Their vision was implemented by an “online services team” (dealing with everything, not just technical aspects) whose core was Online Services Committee Chair Barb Tilsen; our web technician/designer, Carl Foote; and then–CMN National Coordinator Caroline Presnell, with Dave Trahan also providing web tech services during the Peace Pages project period. But the team always comprised a number of additional people, including some who contributed significant content or technical work.
Having the website running and its song database in development, and with the underlying organization support structure already in place, Barb Tilsen was able to pull together and post the original Peace Resources Pages within about a week of September 11, 2001.2
By early 2003, the growing database of songs was catalogued and searchable by keywords. Reflecting another of CMN’s values, in 2008, the Board approved the addition of the Environmental Song Resource Pages. Little by little, nurtured by the online services team, the website grew and more songs were added—some with audio files, lead sheets, or additional teaching strategies.
Widening Our Circle
Looking forward, we are excited by what new technology and growing membership offers our organization. In 2013, the Board approved the further development of Song Resources to include new and expanded categories with an emphasis on songs that support our values as an organization. We are thrilled to announce that with the commitment and collaboration of members Dave Orleans, Katherine Dines, and Lisa Heintz; Administrative Director Jane Arsham; and Webmaster Carl Foote, the latest iteration of Song Resources is ready for prime time. We even have a new name: the Song Library. The Song Library will include our original Peace and Environmental categories as well as Dave Orleans’ archives. It will eventually expand to include the topics Multicultural and Multilingual Songs, Friendship, Self-Esteem, Community-Building, Anti-Bias, Anti-Bullying, Social Justice, and many more!
Sharing Our Strengths
The Song Library launched in summer 2015 with members’ music that was already on the site, but broadened to include audio files and lyrics for all songs. Many members have also contributed lead sheets, sheet music, and additional resources. The Song Library will continue to grow and serve as a free resource available to artists, librarians, teachers, and other visitors to our site, providing the tools needed to actually learn a song and use it tomorrow—a one-stop source for like-minded folks who want to grow their repertoire with fine songs from fellow artists and members. What could be grander?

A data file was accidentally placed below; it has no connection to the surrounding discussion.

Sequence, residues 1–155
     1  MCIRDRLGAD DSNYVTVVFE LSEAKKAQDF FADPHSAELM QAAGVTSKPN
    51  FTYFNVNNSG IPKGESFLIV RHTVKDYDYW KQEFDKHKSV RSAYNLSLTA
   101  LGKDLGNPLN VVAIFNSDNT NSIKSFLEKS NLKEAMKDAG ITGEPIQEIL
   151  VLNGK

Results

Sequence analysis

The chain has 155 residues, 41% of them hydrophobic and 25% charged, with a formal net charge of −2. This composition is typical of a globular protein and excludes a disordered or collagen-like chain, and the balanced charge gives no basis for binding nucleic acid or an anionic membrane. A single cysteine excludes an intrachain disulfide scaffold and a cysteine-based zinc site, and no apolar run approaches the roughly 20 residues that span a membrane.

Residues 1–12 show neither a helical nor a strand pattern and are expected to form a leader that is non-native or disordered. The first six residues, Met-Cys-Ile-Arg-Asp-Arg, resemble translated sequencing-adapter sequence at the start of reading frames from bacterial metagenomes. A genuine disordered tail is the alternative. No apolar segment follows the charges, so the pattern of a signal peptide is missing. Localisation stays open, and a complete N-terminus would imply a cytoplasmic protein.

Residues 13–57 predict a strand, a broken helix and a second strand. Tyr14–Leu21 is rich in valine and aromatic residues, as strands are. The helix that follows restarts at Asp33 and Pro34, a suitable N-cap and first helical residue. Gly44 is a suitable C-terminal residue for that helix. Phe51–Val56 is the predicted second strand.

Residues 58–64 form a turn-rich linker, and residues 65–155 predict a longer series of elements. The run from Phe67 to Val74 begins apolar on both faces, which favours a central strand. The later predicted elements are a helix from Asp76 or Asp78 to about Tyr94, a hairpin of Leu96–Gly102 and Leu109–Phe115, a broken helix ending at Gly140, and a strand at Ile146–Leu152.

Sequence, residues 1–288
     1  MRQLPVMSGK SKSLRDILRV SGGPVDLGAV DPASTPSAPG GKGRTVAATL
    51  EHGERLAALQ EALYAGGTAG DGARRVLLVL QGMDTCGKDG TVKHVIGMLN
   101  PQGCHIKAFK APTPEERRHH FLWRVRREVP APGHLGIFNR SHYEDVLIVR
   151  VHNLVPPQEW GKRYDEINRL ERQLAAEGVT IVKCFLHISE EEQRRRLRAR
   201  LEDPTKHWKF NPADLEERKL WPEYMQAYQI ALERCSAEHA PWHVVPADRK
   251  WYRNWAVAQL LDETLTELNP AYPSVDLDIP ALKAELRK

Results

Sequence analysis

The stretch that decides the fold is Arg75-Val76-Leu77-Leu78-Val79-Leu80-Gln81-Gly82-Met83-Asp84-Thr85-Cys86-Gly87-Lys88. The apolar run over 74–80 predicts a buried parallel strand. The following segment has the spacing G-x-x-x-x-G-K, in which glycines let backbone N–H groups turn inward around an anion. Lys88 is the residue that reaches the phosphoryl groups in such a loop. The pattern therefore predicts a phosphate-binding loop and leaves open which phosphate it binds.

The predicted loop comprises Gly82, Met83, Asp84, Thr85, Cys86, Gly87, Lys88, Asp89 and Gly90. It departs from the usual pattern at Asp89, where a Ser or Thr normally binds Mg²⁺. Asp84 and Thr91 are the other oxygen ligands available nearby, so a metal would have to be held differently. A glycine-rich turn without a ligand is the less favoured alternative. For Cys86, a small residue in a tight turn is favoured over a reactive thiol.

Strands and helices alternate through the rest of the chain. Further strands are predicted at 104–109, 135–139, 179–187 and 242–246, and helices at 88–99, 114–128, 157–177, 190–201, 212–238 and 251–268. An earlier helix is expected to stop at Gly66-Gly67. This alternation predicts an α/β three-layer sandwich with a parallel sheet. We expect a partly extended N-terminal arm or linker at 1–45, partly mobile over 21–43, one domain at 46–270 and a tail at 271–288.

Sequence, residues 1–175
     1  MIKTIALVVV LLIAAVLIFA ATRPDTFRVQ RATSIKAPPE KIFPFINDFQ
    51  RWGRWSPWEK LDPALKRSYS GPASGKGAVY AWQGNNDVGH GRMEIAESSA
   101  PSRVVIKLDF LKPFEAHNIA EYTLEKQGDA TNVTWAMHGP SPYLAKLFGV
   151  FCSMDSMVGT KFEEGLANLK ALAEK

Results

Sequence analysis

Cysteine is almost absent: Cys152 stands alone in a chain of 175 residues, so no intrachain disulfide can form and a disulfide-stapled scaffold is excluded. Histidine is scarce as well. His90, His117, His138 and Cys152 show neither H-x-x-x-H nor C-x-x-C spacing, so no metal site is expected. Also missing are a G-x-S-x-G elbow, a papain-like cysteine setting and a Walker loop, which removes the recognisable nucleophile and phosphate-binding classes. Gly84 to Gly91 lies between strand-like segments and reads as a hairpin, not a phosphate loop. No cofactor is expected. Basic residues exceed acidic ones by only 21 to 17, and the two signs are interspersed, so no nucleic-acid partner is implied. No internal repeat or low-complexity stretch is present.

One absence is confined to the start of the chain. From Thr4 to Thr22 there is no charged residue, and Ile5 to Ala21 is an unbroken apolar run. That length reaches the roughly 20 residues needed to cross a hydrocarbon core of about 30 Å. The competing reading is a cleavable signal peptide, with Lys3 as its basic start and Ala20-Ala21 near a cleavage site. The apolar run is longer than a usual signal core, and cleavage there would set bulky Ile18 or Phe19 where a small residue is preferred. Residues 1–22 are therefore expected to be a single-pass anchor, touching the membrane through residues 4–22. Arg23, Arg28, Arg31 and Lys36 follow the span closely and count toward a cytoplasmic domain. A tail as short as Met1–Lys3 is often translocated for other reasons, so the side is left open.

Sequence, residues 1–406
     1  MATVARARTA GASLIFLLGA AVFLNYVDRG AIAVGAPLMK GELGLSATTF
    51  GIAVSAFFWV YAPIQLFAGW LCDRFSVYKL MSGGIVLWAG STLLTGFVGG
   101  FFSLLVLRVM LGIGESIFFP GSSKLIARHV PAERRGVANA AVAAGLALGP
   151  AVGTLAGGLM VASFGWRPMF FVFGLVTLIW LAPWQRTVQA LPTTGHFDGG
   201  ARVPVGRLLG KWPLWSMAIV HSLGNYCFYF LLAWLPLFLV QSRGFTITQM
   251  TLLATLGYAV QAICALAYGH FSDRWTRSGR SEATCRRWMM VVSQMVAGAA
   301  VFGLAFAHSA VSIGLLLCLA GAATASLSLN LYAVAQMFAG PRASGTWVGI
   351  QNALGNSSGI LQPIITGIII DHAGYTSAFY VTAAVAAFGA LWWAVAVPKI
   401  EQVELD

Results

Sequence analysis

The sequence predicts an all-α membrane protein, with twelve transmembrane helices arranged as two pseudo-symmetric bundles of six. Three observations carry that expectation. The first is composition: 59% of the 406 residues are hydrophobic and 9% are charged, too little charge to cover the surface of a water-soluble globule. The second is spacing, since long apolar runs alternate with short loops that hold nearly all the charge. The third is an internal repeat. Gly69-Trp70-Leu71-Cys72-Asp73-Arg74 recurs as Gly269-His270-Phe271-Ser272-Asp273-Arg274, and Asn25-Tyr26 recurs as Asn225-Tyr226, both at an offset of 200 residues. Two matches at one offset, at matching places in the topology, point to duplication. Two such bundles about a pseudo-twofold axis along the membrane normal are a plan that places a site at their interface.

We know you can’t wait to get your music into the new Song Library site! We will announce the addition of each category when it is ready to launch. A new Online Only Membership level ($30) has recently been implemented to make membership even more affordable and encourage all members to include their work in the Song Library. Watch CMN correspondence, the monthly e-News, and PIO! for an invitation to submit your own songs via our new, easy-to-use online submission form. We can’t wait to see what our musical future holds—and we know you’ll want to be part of CMN’s identity, future, and history too!
1. “CMN’s online presence began in late 1996 as a few pages on Monty Harper’s own site, reached via his URL and maintained with the help of PJ Swift. The content was developed in collaboration with the CMN board while, over the next two to three years, board plans and actions were underway for an independent site. One of the planned features was a library of members’ songs, searchable by topic, the idea of which was mentioned in board minutes as early as 1993. The independent site went live in early fall of 1999.” (Caroline Presnell)
2. “The Peace Resources Pages were developed to immediately meet the emotional needs of our nation’s children, families, and colleagues following that devastation. Barb Tilsen, Phil Hoose, Beth Bierko, Scott Bierko, Barbara Wright, and others, with the support of fellow member and Dodge Foundation employee Lisa Garrison, were able to obtain a $10,000 grant to expand not only the Peace Resources but the scope of the entire CMN website. The grant was part of Dodge’s own response to the crisis.” (Caroline Presnell)